1869 map of New Zealand’s Māori iwi & confiscated land

1869 map of iwi boundaries and confiscated land.
[Click to enlarge] “Sketch map of the North Island of New Zealand shewing native tribal boundaries, topographical features, confiscated lands, military and police stations, etc. 1869.” – Sir George Grey Special Collections, Auckland Libraries, NZ Map 471.
This 1869 map of New Zealand’s North Island shows Māori iwi (tribal) boundaries, confiscated land, location of armed police and military bases, and where gold was found.

It’s fascinating in many ways, not least because it shows the staggering amount of land confiscated in the Waikato – more than 1.2 million acres. The confiscations were made under the New Zealand Settlements Act 1863.

From a Museum of New Zealand: Te Papa Tongarewa entry on Māori land rights:

The Crown created various laws in the 1860s to allow it to take land. The New Zealand Settlements Act 1863 allowed it to confiscate the land of North Island iwi deemed to have rebelled against the Crown. The Public Works Act 1864 let it take land for roads, railways, and other public works.

The Native Land Court, established in 1865 (and renamed the Māori Land Court in 1954), encouraged Māori to sell land to private buyers. But the Crown remained the biggest purchaser. It on-sold most of its Māori land, often for a profit.

By 1939, almost 100 years after the Treaty was signed, Māori retained just 1 percent of the South Island and 9 percent of the North Island. Land losses continued as the 20th century progressed, again supported by legislation.

You might also be interested in:

Map of New Zealand’s Māori Iwi – evolvingnewsroom
The New Zealand Wars – Te Ara
1863 land confiscation law – nzhistory.net
Excerpts from James Belich’s TV series The New Zealand Wars – NZ On Screen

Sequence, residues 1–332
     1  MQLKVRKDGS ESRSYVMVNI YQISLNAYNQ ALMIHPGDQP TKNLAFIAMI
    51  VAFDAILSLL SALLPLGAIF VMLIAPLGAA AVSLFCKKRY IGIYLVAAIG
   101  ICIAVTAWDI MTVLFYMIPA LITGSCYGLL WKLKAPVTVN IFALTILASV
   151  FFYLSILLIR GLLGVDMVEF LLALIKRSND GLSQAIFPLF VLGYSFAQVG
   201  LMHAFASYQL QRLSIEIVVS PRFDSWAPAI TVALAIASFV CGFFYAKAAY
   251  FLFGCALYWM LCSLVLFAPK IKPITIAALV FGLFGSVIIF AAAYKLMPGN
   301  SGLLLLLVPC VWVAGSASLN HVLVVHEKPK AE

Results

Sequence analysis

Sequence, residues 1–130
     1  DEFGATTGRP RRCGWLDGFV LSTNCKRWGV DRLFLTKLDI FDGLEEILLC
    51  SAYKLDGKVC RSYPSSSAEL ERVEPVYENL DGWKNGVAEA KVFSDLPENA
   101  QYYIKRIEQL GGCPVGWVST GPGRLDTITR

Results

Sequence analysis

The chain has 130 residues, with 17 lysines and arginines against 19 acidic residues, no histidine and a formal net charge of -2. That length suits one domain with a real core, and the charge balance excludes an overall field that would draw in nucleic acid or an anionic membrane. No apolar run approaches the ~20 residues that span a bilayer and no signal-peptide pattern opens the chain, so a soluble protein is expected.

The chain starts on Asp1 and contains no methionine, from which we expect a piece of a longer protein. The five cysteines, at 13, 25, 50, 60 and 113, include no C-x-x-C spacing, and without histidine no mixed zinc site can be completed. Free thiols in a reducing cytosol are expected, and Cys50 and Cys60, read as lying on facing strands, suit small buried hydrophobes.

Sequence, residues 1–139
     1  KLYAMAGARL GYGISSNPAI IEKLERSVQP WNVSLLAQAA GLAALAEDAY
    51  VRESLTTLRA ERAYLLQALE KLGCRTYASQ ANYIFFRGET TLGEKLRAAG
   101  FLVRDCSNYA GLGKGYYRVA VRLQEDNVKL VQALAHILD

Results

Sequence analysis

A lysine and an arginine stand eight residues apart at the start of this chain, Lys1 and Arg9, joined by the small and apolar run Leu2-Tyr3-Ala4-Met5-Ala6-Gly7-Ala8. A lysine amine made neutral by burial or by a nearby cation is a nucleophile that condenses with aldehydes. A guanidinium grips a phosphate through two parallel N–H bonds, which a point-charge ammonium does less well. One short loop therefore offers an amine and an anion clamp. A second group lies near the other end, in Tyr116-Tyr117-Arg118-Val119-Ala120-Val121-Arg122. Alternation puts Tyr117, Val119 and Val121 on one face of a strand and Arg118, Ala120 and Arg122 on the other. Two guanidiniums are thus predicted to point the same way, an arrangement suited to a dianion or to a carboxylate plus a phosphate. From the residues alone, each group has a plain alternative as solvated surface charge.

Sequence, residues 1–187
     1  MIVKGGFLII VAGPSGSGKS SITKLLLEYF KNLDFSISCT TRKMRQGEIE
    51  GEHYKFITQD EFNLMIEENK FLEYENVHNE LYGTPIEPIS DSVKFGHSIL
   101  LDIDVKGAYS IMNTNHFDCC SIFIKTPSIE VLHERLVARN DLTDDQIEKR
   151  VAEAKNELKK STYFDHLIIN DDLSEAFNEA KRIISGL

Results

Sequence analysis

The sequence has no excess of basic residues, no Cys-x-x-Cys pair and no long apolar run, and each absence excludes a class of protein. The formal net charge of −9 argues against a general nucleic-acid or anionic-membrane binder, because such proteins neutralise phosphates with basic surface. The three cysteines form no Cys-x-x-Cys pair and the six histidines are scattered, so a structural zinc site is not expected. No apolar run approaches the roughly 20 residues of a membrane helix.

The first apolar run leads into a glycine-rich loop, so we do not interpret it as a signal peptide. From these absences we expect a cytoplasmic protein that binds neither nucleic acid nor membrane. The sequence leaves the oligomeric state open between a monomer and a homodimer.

Books about the New Zealand Wars – Te Ara
Timeline of the New Zealand Wars – newzealandwars.co.nz
How to Add Macrons to Māori Words – evolvingnewsroom

 

Interactive map of global shipping routes

Kiln and the UCL Energy Institute have created shipmap.org, a fascinating interactive map that tracks global shipping for a year (2012).

Screengrab of shipmap.org
How the map looks with all the routes selected. Click on image to go to shipmap.org

Here’s how it works:

The merchant fleet is divided into five categories, each of which has a filter and a CO2 and freight counter for the hour shown on the clock:

  • Container (e.g. manufactured goods): number of container slots equivalent to 20 feet (i.e. a 40-foot container takes two slots)
  • Dry bulk (e.g. coal, aggregates): combined weight of cargo, fuel, water, provisions, passengers and crew a vessel can carry, measured in thousand tonnes
  • Tanker (e.g. oil, chemicals): same as dry bulk
  • Gas bulk (e.g. liquified natural gas): capacity for gases, measured in cubic metres
  • Vehicles (e.g. cars): same as dry bulk

If you’re interested in tracking ships around New Zealand (or anywhere, really), I can recommend marinetraffic.com. The website and the app are great.

You might also be interested in the arrival and departure of ships at New Zealand’s ports:

North Port (Marsden Point)
Ports of Auckland
Port of Tauranga
Port Nelson
Napier Port
Centre Port (Wellington)
Port Taranaki
Lyttleton
Port Otago
South Port (Bluff)

 

Maps show how transport shrinks the world

 

New Scientist has published some beautiful maps exploring which are the remotest places on earth – given how much international transport we have available to us.

“The maps are based on a model which calculated how long it would take to travel to the nearest city of 50,000 or more people by land or water. The model combines information on terrain and access to road, rail and river networks. It also considers how factors like altitude, steepness of terrain and hold-ups like border crossings slow travel.

Plotted onto a map, the results throw up surprises. First, less than 10% of the world’s land is more than 48 hours of ground-based travel from the nearest city. What’s more, many areas considered remote and inaccessible are not as far from civilisation as you might think. In the Amazon, for example, extensive river networks and an increasing number of roads mean that only 20% of the land is more than two days from a city – around the same proportion as Canada’s Quebec province.

This one shows roads around the world:

This one shows shipping routes:

And this one shows rivers:

More lovely maps here. H/T to Cliff Kuang at Fast Company.